Home' Scoop Homes and Art : Insite 26 Spring 2010 Contents 78 INSITE SPRING 2010
The latest product from London-based interior designer Lee Broom is the Decanterlight.
Made from recycled cut lead-crystal decanters sourced from antique markets, they come
in clear or a polished gold finish and will retail at about £300 each (A$500). They are not
strictly limited edition, but each light is handmade and varies slightly in style.
You are quite the toast of the town when it comes to London bar design, scooping
accolades and awards – what’s your secret? Experience really. I have been designing bars
in London for over eight years, so people start to recognise your work. I also think it’s the
type of venues I design. I have always worked with independent operators who give you
the scope to be far more creative and take a lot more risks.
What do you think is the key to great interior design in a bar/club/lounge space? The
most successful designs can be the ones that make your jaw drop when you enter, or some
have a classic quality that can stand the test of time. There are also some key things I will
drop into most schemes, one of them being warmth. People tend to really appreciate a
venue that has warmth and makes them feel comfortable.
How did you happen to come up with such a genius concept as the Decanterlight?
Many of my products are realised when I’m designing an interior. Decanterlight was
created as a lighting installation for my bar design at Coquine in South Kensington. It was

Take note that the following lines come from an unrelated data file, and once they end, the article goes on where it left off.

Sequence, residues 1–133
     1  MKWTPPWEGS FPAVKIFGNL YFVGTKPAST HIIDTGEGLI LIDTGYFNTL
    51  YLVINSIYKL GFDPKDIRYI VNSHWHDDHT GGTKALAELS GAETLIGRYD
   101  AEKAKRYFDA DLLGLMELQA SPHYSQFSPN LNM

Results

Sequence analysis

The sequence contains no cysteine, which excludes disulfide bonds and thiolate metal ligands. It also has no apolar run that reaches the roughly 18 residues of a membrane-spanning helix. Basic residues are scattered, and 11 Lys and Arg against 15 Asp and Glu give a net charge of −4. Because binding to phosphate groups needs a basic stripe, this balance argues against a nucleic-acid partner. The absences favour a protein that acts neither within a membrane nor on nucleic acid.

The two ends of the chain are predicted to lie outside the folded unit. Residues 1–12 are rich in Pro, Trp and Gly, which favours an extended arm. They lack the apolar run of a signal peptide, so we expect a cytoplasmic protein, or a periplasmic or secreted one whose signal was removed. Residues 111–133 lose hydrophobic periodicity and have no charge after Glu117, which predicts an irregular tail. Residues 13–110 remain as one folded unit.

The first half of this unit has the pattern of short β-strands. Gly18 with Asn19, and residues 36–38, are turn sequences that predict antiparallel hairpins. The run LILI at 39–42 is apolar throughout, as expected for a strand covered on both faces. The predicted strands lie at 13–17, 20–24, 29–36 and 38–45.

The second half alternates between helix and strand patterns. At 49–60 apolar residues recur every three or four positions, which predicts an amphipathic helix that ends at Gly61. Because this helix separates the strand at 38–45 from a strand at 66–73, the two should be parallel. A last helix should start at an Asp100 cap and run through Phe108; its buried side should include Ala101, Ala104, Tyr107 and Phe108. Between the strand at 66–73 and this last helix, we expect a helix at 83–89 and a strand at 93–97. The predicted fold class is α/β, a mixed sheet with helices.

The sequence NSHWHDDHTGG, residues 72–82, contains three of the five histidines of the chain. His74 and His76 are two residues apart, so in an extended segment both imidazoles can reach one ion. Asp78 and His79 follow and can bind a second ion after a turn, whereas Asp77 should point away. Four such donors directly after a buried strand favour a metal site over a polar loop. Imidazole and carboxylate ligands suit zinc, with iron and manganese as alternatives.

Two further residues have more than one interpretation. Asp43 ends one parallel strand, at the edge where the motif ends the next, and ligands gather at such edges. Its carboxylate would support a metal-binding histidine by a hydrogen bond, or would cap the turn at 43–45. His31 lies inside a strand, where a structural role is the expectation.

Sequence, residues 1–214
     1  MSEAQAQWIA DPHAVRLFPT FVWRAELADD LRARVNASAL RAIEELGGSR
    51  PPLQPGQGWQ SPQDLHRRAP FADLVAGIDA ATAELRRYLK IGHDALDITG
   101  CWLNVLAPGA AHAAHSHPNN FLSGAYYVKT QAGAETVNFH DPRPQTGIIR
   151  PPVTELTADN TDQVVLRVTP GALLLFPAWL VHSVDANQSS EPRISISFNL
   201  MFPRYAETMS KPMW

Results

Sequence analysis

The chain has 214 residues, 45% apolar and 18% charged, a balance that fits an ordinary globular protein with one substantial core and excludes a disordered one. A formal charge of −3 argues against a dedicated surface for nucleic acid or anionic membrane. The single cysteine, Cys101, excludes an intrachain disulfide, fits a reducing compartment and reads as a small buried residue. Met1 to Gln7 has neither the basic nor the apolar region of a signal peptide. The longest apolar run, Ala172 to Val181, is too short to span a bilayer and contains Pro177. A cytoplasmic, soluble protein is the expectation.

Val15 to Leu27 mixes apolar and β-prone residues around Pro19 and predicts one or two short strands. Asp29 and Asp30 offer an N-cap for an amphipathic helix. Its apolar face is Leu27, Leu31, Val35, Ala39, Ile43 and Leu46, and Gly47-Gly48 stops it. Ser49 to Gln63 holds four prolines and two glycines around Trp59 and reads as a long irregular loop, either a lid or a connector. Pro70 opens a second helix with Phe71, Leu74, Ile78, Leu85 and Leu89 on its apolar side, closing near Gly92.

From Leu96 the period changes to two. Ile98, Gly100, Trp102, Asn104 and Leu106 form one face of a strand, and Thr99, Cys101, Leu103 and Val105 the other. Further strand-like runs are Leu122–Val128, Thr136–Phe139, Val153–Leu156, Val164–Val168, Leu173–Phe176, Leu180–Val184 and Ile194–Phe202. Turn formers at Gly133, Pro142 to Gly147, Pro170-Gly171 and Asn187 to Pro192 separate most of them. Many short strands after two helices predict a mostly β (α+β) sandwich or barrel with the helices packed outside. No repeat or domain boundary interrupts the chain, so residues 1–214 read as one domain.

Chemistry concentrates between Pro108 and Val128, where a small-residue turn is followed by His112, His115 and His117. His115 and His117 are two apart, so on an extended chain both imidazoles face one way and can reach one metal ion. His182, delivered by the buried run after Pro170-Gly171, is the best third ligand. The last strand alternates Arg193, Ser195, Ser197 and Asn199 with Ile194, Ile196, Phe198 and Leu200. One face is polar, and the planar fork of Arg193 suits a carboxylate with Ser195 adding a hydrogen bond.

an alternative option to the traditional chandelier but a design that referenced its actual
environment. Visit leebroom.com.
Dotted around the Kielder Water and Forest Park are all manner of wonderful
works of art. Integral to the park’s popularity with walking and mountain-biking
holidaymakers, the sculptural and architectural seats and shelters provide a surprising
and welcome place to stop and rest, so the beautiful Northumberland surrounds can
truly be admir ed. Visit visitkielder.com.
Arc hitectural firm Ton kin Liu was rece ntly
ac knowledged at the 2010 Royal Ins titute
of British Arc hitects (RIBA) Awards f or its
apartment, Forest of Light. Situated in the
attic floor of a 1928 beaux-arts style building
with Grade II Listed status, the space
was nonetheless approved for dramatic
remodelling by the architects. The finished
design is fresh, modern and light. A key
feature is the per forated aluminium pane ls
that line the alcoves; the tree motif of this
feature c reates a be autiful play of light,
but is also a vital function for temperature
cont rol and ve ntilation . Visit tonkinliu.co .uk.
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